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Jack J. Clark

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Jack J. Clark (September 23, 1879 – April 12, 1947) was an American director and actor of the early motion picture industry.

Jack Clark 01.jpg


Clark was born on September 23, 1879, in Philadelphia, Pennsylvania. He was persuaded to enter motion pictures in 1907 by Sidney Olcott of the New York-based Kalem Studios during the silent film era. Clark traveled through 24 countries with the film company becoming one of the first American film stars to film on foreign location. While in the Holy Land, Kalem Studios produced the first passion play, From the Manger to the Cross, casting Jack Clark as John the Apostle. Clark and co-star Gene Gauntier were married during the filming, in 1912. They divorced in 1918.[1][2]

During a three-year leave from the film industry in the early 1920s, Jack was instructor of dramatic arts at Villanova University. He organized a dramatic workshop and produced the mystical play Vision. About the same time he staged a pageant, Charity, with a cast of 600 persons, which established new records at the Philadelphia Metropolitan Opera House. He also wrote and produced a dramatic musical pageant, Columbus, which, with a cast of more than 1000 was staged at the Philadelphia Academy of Music for the Knights of Columbus.

In 1929, Jack Clark married Francis Rose Musolf. They remained married until his death.[3]

Among Clark's plays were The Prince of Pilsen and 45 Minutes from Broadway. He acted in more than 200 films[3] including The Colleen Bawn (1911),[4] From the Manger to the Cross (1912),[5] The Shaughraun (1912),[6] The Last of the Mafia (1915), A Fool's Paradise (1916), Audrey (1916), Pajamas (1927), Love and Learn (1928), and Broadway Howdy (1929). Among the films he directed or produced were The Yankee Girl (1915) and The Mad Maid of the Forest (1915).[7][8]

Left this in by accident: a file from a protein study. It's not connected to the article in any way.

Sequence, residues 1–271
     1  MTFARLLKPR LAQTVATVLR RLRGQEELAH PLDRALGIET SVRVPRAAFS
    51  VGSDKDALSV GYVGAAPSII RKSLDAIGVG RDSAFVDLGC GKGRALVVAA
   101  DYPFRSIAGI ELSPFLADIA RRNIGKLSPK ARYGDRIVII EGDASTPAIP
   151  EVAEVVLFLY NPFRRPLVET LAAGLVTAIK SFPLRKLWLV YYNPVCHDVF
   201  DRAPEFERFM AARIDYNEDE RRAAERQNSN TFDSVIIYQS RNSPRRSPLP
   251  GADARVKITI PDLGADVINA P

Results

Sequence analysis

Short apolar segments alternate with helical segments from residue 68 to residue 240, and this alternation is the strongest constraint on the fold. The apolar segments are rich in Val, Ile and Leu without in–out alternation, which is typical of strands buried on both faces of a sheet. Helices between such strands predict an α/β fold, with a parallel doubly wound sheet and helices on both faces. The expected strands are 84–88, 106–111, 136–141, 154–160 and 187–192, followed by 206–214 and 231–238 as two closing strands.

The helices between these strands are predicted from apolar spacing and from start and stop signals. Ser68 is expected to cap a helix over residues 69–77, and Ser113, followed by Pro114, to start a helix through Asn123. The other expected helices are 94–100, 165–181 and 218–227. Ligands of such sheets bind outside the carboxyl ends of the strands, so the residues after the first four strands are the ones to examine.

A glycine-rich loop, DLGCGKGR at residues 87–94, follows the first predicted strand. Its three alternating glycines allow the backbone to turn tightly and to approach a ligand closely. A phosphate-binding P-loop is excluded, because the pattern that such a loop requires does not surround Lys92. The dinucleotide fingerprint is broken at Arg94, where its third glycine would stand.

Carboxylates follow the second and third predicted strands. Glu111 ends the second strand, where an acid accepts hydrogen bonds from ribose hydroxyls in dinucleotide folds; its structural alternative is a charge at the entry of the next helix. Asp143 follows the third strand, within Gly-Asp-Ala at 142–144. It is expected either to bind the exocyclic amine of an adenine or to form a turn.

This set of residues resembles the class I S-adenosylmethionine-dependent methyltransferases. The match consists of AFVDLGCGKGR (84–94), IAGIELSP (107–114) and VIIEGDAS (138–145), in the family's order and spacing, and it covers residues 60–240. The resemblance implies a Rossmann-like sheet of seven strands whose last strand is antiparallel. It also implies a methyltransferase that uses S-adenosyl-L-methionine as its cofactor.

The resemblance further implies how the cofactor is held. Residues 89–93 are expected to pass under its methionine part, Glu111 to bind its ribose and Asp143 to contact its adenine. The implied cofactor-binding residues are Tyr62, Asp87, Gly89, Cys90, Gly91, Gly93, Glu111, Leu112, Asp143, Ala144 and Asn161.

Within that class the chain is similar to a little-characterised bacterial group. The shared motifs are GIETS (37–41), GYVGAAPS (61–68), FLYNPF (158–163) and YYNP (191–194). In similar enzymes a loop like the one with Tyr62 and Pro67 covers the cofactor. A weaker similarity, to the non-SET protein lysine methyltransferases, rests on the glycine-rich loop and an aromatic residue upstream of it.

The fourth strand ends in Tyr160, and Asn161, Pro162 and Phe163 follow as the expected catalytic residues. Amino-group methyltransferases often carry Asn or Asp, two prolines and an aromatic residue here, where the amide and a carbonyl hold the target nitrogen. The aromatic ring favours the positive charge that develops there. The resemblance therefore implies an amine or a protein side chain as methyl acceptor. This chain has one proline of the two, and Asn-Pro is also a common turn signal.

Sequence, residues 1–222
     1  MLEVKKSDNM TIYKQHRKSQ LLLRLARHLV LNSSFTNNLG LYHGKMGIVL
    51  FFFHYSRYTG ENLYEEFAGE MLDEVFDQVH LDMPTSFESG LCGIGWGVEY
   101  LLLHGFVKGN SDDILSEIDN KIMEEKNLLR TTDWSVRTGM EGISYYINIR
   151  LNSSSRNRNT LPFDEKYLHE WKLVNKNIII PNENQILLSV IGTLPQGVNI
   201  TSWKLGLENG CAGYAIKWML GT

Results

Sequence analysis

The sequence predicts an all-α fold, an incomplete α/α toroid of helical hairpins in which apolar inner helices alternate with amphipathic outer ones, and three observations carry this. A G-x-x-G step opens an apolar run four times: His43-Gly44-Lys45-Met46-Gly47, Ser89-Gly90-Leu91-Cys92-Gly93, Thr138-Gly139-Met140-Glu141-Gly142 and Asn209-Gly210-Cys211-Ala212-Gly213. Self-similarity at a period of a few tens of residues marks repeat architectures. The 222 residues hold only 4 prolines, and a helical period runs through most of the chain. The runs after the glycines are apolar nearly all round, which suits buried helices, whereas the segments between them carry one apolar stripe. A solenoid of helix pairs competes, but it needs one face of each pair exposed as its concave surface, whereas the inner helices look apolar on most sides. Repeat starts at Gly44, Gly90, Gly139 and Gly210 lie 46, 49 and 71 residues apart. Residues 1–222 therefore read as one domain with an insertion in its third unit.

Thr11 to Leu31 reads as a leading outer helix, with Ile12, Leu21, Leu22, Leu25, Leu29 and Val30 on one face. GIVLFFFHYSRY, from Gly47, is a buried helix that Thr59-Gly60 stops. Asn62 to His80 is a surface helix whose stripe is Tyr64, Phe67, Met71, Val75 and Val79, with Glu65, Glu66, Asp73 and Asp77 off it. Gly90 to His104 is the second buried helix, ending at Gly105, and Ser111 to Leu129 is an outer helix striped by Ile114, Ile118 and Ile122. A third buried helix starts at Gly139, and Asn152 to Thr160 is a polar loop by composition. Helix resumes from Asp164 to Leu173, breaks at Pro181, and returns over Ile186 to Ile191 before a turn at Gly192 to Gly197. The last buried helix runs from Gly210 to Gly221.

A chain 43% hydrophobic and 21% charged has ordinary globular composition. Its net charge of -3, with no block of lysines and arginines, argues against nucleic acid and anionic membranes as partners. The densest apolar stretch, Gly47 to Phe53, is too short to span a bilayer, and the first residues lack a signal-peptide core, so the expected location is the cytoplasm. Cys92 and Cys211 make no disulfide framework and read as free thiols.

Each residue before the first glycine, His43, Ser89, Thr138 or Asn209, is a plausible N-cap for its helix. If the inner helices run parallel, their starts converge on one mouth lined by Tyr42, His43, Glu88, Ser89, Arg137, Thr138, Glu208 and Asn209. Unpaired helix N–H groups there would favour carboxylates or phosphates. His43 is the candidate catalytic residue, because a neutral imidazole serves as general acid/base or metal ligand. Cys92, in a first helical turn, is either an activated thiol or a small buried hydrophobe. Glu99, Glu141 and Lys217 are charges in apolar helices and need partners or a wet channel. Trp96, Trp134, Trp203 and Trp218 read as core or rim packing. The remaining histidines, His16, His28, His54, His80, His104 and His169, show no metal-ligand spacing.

Jack Clark died on April 12, 1947 in Hollywood, California.[3]

Partial filmography

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  1. ^ Grau, Robert (1914). The Theatre of Science: A Volume of Progress and Achievement in the Motion Picture Industry. Broadway publishing Company. p. 363.
  2. ^ McGowan 2005, p. 28
  3. ^ a b c "Jack J. Clark". The Los Angeles Times. April 13, 1947. p. 16 – via of an open green padlock
  4. ^ McGowan 2005, p. 128
  5. ^ McGowan 2005, p. 132
  6. ^ McGowan 2005, p. 133
  7. ^ Bradley, Edwin M. (2004). The first Hollywood musicals : a critical filmography of 171 features, 1927 through 1932. Jefferson, N.C.: McFarland & Co. p. 158. ISBN 9780786420292. OCLC 34355143.
  8. ^ "Royal Theatre today only". Chillicothe Gazette. September 29, 1915. p. 8. Retrieved September 17, 2017.


  • McGowan, John J. (January 1, 2005). J.P. McGowan: Biography of a Hollywood Pioneer. McFarland. ISBN 978-0-7864-1994-4.
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Jack J. Clark
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